OVER the past week, the personal finance world has been abuzz with news of management changes at the giant Fidelity Special Situations fund.
It has been one of the most successful funds of the past decade and brilliantly managed, first by the legendary Anthony Bolton and more recently by Sanjeev Shah. Its long-run performance has made it a long-time favourite of independent financial advisers and it has grown to a massive £2.7 billion.
There are two great advantages of special situations funds – and two great drawbacks. The first advantage is the freedom to invest across sectors and geographies and in companies irrespective of activity or size. The second is they have the scope to take tactical advantage of market anomalies and mis-priced shares – there is no grand strategy to adhere to.
That should make them top choices for private investors who lack the time, knowledge and expertise to spot anomalies in the market and move swiftly to take advantage. This, surely, is the prime benefit of investing in the stock market via a managed fund – and the main justification for the fees.
But there are two potential drawbacks. The first is that performance can be volatile and uneven, and the second is that such funds can be overly dependent on the talents of one manager. When there is no overriding strategy or specialism, the fund’s appeal is largely down to the stock-picking talents of an individual.
That is why management change at a special situations fund excites particular attention – exactly what has happened in the past week at Fidelity Special Situations with the departure of Shah and his replacement by Alex Wright, currently manager of Fidelity’s Smaller Companies fund. This has sparked fears of a change on focus and thus an impact on performance. And no wonder there is apprehension – since Shah took over in 2008, he has achieved returns of more than 50 per cent, comfortably outperforming the FTSE All Share.
Change introduces uncertainty, and investors may be wary of staying with the fund during a period of transition, until the new manager proves himself. Not that Wright doesn’t boast an impressive record of his own. The Fidelity UK Smaller Companies fund (and more recently Fidelity Special Values fund) has performed strongly over the past three- and five-year periods.
But Wright’s success in the small-cap sphere has fuelled concerns of special situations investors that the composition and character of their fund may be at risk of change. Shah’s success has been largely achieved through deft management of large-cap FTSE 100 holdings.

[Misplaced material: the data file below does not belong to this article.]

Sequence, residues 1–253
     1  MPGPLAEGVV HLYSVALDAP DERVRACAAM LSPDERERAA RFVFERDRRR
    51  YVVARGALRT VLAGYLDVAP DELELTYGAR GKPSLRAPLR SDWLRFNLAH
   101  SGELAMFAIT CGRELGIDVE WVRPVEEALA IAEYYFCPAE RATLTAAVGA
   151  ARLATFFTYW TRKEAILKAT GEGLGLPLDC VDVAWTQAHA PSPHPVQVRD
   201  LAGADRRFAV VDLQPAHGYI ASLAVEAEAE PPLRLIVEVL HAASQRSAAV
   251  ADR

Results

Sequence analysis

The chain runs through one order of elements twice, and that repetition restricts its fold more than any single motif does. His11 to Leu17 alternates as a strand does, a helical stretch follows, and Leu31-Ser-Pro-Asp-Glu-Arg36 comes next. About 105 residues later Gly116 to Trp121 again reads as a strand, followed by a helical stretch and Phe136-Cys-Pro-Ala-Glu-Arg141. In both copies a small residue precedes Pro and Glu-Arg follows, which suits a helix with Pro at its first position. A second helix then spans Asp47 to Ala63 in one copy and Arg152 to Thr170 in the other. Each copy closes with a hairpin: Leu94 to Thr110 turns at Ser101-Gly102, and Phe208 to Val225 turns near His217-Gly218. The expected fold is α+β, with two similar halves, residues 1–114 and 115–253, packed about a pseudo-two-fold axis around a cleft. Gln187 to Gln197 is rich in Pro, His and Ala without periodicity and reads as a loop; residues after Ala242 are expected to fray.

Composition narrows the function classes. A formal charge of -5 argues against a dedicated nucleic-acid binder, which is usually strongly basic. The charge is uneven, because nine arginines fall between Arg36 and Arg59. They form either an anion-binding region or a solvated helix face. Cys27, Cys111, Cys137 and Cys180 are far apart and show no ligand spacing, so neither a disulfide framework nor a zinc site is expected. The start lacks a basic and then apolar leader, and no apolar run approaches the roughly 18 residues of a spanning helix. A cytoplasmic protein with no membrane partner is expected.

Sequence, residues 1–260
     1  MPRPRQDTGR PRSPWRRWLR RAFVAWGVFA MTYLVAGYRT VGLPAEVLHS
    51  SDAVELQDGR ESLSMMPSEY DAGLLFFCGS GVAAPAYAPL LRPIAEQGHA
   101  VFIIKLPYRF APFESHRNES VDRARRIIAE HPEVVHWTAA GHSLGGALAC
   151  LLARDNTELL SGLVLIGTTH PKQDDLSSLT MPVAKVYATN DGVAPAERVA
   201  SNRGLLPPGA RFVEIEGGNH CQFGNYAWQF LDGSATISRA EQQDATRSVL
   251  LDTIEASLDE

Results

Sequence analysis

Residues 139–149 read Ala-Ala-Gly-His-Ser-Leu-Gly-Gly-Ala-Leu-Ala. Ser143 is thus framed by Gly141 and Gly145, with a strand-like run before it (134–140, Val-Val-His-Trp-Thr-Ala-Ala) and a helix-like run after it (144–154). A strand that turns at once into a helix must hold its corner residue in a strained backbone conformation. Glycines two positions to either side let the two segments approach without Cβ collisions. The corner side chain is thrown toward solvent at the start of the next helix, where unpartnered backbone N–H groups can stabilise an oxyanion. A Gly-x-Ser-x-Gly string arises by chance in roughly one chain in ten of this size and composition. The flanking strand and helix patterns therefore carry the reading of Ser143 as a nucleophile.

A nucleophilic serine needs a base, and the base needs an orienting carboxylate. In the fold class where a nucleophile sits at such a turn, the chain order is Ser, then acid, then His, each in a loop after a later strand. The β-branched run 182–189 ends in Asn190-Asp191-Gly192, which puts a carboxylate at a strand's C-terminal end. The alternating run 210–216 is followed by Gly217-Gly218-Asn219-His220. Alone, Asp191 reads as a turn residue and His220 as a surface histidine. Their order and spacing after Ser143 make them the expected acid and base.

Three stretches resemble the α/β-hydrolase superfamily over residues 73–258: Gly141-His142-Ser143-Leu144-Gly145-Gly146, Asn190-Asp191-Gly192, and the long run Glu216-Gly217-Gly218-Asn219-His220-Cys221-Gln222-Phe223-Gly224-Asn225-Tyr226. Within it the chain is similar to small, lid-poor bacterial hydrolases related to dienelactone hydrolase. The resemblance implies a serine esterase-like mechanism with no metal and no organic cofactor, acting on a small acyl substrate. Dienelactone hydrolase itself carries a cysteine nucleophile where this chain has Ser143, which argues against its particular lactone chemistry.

There are also worries that, in having dual responsibility for both funds – at least for now – one or the other will suffer from a lack of focus. (Though that would be to belittle the analysts’ teams, critical in stock selection and timing, not to mention Wright’s own success and experience.)
Nevertheless, how can investors counter the risk of risk of under-performance during a transition? One obvious tactic would be to reduce the holding in Fidelity Special Situations and diversify into similar funds.
There is certainly no lack of alternative vehicles, from “opportunity” trusts to “recovery” funds. What is the difference between these and “special situations” funds? Very little, from the private investor point of view.
Joshua Ausden, the redoubtable editor of FE Trustnet, asked Rob Morgan at Charles Stanley Direct to come up with alternatives – and he offered five. These include the top-performing £68.4 million JOH (JO Hambro) CM UK Dynamic fund. It is predominantly invested in FTSE 100 firms and has risen by 91 per cent since 2008.
He also singled out the Schroder Recovery and M&G Recovery funds. Schroder Recovery, managed by Nick Kirrage and Kevin Murphy, is heavily invested in mid-cap stocks and has more than doubled investors’ money since the duo took over in 2006.
M&G Recovery is a giant fund with a portfolio valued at £7.3bn. It has been a strong long-term performer but has suffered of late through being overweight in commodity-related companies. Others to consider are Cazenove UK Opportunities (now in the Schroders stable) managed by Julie Dean and the £10.8bn Invesco Perpetual Income managed by the celebrated Neil Woodford.
While the words “fleet” and “nimble” might not apply to such giant funds – and some may query whether individual stock selection can have much of an impact on funds of such a size – they have earned a reputation for good management and outstanding performance. They are well worth considering, but as a core holding, I would not drop Fidelity at this stage.